it’s there: Let’s go to the negotiating table. Are there any other past contracts we can look into that could set a precedent for how Porter’s negotiations will go? In two seasons as a Rocket, his overall output has been up and down, but he is a talented, young player who ended the season on a high note. His stock should be trending up, and we’ve seen players get paid based on the upside and future projections. Should this apply here as well?
red: Porter would essentially argue that he deserves starter money because he started nearly every game in each of his two seasons with the Rockets. Furthermore, he is in his early twenties, and is expected to continue to improve, so Houston finds himself a key player for his future, which is difficult to find in the open market and impossible at his age. Something along the lines of this can be asked for anferney simmons, $25 million per year, Raphael Stone, however, could easily counter that Simmons had a better 2021–22 season than any Porter season so far, and Simmons has since extended his career as a restricted free agent instead of expanding a year earlier. contract signed.
could be an interesting benchmark Kevin Huerter‘s Four-year, $65 million extension Last defeat. I’d argue that Huerter had a better first three seasons, but it was also in a more favorable aggressive ecosystem and a year more away from new TV money. Still, over $15 million a year seems tougher than a year for Porter, even if he could substantially outperform that then-restricted free agency almost a year from now. If I were in Stone’s chair, something between $10 and $13 million per year would have been perfectly acceptable, but demanding more of Porter would require asking him to prove it this season while 2023. He earns it when he is ready to pay a higher price in
it’s there: And what’s the other side? Suppose something does not materialize. What does restricted free agency look like for Porter?
red: The good news for the Rockets is that there won’t be a ton of other teams with spending power next summer with the exception of the medium tier. A lot can change between now and then, but right now, only seven franchises — including Houston — have usable space in the project, a number that typically drops over the next 10 months because of extensions and new contracts.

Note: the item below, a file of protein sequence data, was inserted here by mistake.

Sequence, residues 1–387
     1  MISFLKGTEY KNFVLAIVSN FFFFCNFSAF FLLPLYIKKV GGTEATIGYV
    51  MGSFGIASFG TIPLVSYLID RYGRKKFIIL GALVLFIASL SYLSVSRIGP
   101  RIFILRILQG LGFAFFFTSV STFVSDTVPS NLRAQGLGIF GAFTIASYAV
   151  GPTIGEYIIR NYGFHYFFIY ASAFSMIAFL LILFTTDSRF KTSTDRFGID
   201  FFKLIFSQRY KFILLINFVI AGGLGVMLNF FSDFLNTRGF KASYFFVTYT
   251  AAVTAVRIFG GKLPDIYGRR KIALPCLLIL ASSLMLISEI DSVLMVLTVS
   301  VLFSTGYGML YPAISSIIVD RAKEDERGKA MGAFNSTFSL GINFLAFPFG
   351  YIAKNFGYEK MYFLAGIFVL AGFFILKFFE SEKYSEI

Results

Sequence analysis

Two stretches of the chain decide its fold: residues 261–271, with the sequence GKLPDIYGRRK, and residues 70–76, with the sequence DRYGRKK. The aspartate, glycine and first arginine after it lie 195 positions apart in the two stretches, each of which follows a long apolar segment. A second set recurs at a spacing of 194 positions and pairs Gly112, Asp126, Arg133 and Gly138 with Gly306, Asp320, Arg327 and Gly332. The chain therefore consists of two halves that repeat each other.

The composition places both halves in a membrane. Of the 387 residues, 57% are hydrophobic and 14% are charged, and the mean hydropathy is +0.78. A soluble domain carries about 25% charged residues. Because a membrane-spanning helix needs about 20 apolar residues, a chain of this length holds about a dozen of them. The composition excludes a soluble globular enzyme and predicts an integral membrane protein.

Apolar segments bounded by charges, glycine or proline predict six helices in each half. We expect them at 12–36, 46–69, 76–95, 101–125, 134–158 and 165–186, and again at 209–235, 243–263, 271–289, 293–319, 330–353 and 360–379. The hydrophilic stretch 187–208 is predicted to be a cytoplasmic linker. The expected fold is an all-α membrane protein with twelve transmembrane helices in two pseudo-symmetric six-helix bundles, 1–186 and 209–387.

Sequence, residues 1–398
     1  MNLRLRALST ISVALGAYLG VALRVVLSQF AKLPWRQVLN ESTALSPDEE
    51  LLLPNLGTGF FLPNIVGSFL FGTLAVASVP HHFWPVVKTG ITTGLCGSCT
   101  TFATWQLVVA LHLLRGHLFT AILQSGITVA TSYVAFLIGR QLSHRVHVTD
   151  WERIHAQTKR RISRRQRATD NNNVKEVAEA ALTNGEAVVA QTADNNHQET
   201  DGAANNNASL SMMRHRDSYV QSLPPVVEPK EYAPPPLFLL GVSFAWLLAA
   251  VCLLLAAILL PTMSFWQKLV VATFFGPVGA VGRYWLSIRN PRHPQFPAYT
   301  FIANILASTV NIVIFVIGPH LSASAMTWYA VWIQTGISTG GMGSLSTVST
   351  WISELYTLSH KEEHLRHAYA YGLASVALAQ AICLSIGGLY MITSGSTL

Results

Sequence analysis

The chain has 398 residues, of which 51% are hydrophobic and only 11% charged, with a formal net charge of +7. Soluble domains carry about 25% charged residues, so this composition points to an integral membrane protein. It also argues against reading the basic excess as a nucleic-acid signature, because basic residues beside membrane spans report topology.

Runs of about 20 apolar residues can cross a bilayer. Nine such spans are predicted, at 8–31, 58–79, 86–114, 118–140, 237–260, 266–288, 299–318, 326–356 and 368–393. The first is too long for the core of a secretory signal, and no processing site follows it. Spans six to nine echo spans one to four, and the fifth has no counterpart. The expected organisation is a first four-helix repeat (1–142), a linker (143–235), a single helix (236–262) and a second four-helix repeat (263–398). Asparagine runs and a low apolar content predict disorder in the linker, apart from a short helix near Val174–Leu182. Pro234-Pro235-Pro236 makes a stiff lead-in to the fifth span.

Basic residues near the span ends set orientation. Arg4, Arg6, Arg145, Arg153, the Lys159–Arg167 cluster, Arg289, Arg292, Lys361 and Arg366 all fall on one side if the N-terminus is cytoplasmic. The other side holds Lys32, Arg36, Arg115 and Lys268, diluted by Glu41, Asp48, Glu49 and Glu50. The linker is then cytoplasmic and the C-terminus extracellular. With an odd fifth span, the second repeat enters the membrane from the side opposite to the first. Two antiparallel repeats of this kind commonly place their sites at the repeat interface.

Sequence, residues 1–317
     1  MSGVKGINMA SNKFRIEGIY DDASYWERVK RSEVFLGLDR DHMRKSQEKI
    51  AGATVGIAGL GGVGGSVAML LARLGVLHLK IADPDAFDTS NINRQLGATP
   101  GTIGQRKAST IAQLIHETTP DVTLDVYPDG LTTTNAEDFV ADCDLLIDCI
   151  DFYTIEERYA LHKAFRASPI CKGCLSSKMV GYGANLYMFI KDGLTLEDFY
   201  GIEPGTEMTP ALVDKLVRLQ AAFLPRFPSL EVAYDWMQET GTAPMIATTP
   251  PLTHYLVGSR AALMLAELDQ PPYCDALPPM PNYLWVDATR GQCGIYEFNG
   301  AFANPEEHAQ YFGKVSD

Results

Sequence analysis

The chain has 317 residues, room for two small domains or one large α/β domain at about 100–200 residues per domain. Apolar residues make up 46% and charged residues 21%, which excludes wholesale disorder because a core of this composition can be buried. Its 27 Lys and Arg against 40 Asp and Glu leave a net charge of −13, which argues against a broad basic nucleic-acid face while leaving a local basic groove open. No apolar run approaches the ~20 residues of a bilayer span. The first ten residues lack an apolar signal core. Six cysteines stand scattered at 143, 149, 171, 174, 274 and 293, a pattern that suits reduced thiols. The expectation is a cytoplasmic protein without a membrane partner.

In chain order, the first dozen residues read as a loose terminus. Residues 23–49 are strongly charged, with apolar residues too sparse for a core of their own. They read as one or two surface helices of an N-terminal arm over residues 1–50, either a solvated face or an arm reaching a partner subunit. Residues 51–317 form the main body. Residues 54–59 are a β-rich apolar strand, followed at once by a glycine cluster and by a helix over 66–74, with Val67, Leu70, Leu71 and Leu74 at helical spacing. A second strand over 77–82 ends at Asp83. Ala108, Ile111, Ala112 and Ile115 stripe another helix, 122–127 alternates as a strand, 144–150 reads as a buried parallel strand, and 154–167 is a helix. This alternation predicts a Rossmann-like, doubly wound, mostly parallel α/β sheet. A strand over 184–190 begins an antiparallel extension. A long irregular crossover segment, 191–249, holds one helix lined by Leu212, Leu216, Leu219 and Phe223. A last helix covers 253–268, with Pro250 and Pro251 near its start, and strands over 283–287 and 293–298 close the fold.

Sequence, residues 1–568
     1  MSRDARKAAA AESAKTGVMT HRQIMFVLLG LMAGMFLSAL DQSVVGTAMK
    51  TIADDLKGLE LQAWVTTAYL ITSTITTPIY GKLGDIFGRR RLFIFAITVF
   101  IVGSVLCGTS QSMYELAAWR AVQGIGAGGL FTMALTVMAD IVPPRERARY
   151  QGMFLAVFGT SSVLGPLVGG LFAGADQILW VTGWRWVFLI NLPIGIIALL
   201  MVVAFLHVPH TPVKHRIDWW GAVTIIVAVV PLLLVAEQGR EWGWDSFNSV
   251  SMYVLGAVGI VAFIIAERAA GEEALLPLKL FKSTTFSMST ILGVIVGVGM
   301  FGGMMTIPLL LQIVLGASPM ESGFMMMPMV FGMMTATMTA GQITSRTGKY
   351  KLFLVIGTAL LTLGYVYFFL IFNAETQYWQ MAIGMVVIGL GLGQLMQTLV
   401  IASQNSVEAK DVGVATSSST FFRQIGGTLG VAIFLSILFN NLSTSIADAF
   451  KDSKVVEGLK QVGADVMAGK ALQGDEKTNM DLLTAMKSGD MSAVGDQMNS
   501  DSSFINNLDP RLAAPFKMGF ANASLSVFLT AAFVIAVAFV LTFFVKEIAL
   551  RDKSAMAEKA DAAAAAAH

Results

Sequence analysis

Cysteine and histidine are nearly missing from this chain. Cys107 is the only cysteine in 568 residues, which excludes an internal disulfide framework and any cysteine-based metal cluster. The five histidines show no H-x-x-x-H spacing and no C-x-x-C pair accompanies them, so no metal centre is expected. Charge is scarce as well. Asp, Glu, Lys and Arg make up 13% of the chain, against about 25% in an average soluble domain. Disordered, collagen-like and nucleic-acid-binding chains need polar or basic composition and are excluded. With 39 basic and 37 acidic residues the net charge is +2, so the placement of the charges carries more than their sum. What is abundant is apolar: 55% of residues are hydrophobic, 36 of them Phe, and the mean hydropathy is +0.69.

His problem is that most of those presumed cap-spec teams are young, and the free-agent crop looks pretty weak in terms of young inter-makers. considering that rj barreto, tyler harrow, D’Andre Hunter and Cam Johnson all cling to their current teams to either expand or match rights, Porter could be in a somewhat narrow group if a potential mover thinks the Rockets have the stomach for a great deal. Not possible. what piston, thunder, fast bowlers either Magic See Porter as an interesting talent who brings something different from his other young talents? Absolutely, and only one or two willing teams are needed to raise the price.
Still, the general rule of restricted free agency is that teams tend to fall in love with the plunge because it ties up their cap space for so long, and that leads to some extreme results such as the maximum offer to Otto Porter Jr. receiving sheet 2017 while Colin Sexton And Marcus Smart Slack despite obvious talent. My tendency is that Kevin Porter Jr. will take serious interest, but not premium, unless he makes a big step forward this season. Probably something like $8 million to $10 million as a reasonable worst case, and something like $20 million to $28 million as a best case.
Are the Rockets ready to roll those dice?
it’s there: What amount of cap space should the Rockets pay out next summer compared to the huge amount they’ll pay Porter now? A small portion of it has already been eaten up by Tate’s new deal. Does this have any rollover effect on Porter’s negotiations?
red: To me, the big balancing act is assessing potential expansion versus what Porter might find in restricted free agency. In all honesty, a cap hold of $9.7 million and whatever its first season in an expansion will be is relatively insignificant for a franchise that can generate $65 million to $70 million in cap space. Losing $5 million or even $10 million is unlikely to make any difference to the moves Stone makes next summer, even if the Rockets are the key players offseason.
(Photo: Troy Taormina / USA TODAY)